Hey guys, that Cronut™ you stood in line for, or experienced as a bad knockoff? You’ll be able to make the home version soon. Theoretically.
Dominique Ansel, the pastry chef who created (and trademarked) the Cronut™, is releasing his eponymous book, subtitled The Secret Recipes, in late October. “How do you catch lightning in a measuring cup?” asks Amazon on the page where you can preorder one.
Actually, Good Morning America jumped the gun when it published the entire text of Ansel's At-Home Cronut. It’s a beast: 2,500 words of ingredients and instructions, though that includes three ganache filling options. Still, it takes three days to make fewer than ten pastries. The difficulty level is “extreme.”
A writer for the UK’s Guardian, actor Rhik Samadder, describes the whole messy, expensive, and challenging recipe process in a piece called “My homemade Cronut hell: three days for three greasy lumps.” Well, maybe Samadder isn’t exactly equipped, literally, to take on an extreme baking project (the pot he uses for deep-frying, left, is hardly big enough to hold a single At-Home Cronut, much less lightning).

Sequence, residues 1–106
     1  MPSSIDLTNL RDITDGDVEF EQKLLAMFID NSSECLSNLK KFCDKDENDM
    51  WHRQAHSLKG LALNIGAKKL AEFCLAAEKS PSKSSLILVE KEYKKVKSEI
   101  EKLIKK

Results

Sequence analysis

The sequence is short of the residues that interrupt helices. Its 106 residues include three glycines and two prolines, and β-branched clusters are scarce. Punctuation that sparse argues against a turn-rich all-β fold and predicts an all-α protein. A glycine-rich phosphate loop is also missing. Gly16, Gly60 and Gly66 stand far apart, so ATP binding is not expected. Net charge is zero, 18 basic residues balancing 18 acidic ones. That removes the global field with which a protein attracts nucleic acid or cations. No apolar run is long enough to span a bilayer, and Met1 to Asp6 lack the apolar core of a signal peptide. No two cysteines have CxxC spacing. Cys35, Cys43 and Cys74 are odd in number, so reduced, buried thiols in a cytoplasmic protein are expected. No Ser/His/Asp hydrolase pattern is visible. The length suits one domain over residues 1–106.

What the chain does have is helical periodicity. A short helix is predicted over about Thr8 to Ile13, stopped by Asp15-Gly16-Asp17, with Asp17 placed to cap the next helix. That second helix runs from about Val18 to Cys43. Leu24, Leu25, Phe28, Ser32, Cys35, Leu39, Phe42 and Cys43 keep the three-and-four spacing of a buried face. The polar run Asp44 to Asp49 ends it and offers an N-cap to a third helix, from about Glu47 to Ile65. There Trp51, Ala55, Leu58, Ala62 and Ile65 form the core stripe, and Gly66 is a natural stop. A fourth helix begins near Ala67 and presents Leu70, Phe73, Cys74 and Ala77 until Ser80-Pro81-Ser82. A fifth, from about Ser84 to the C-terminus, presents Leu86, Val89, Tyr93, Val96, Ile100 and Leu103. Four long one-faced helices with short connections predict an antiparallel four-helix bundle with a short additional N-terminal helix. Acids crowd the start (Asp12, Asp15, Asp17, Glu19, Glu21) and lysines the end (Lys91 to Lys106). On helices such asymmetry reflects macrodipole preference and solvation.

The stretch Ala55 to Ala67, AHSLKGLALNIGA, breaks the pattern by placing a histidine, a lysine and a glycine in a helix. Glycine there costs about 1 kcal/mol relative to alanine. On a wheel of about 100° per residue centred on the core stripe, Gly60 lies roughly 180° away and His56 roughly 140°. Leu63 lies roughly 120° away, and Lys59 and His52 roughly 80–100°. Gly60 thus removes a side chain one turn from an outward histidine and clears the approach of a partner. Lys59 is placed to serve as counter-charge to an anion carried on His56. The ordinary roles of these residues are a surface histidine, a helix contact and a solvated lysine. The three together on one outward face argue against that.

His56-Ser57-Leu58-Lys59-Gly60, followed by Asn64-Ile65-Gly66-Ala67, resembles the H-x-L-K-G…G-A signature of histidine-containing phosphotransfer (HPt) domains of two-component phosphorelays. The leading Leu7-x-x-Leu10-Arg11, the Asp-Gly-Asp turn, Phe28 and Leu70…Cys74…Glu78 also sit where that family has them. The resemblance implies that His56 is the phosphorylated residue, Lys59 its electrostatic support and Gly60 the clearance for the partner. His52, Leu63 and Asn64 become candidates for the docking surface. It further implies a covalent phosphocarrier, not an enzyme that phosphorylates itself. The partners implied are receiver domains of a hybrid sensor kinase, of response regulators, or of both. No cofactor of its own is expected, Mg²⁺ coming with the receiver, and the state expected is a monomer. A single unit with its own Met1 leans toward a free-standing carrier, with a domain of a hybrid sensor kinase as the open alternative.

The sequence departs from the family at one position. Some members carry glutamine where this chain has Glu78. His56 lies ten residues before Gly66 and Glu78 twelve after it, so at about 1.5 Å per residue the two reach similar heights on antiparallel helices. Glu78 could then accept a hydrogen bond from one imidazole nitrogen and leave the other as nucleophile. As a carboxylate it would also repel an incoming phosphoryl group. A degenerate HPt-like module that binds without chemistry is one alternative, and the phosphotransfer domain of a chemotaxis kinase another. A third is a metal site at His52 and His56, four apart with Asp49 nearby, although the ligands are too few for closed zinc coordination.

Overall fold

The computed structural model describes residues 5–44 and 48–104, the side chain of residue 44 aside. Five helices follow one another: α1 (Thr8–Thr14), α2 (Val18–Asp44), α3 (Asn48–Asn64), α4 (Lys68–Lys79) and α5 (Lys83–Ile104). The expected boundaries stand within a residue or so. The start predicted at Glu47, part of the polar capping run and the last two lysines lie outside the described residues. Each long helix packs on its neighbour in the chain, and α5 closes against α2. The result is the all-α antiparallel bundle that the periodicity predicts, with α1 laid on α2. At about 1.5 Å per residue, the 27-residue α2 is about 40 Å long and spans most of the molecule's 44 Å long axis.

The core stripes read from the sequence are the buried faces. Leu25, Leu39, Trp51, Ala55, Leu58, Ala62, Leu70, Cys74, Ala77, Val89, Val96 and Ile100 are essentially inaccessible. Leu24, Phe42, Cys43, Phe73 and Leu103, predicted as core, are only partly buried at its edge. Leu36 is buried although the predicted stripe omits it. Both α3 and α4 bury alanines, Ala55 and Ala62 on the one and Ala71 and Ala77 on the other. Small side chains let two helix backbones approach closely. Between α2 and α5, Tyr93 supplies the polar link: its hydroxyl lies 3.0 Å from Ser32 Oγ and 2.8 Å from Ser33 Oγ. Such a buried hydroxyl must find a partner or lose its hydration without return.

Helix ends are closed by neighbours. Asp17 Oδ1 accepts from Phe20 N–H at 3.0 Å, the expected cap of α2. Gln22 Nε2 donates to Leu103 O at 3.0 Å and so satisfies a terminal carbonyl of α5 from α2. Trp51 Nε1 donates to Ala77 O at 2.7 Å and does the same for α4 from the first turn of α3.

Look, the world had a collective convulsion when the Cronut™ went viral, and Ansel’s recipe is already causing a shudder of frenzy (the Guardian, for instance, has already devoted two stories to it, and the book isn’t even out yet). The thing is, when does a recipe cease being the thing it’s supposed to be—a practical description for how to cook something—and instead become a marketing event?
I’d say, pretty much on day two of a three-day quest to make eight questionably amazing donuts.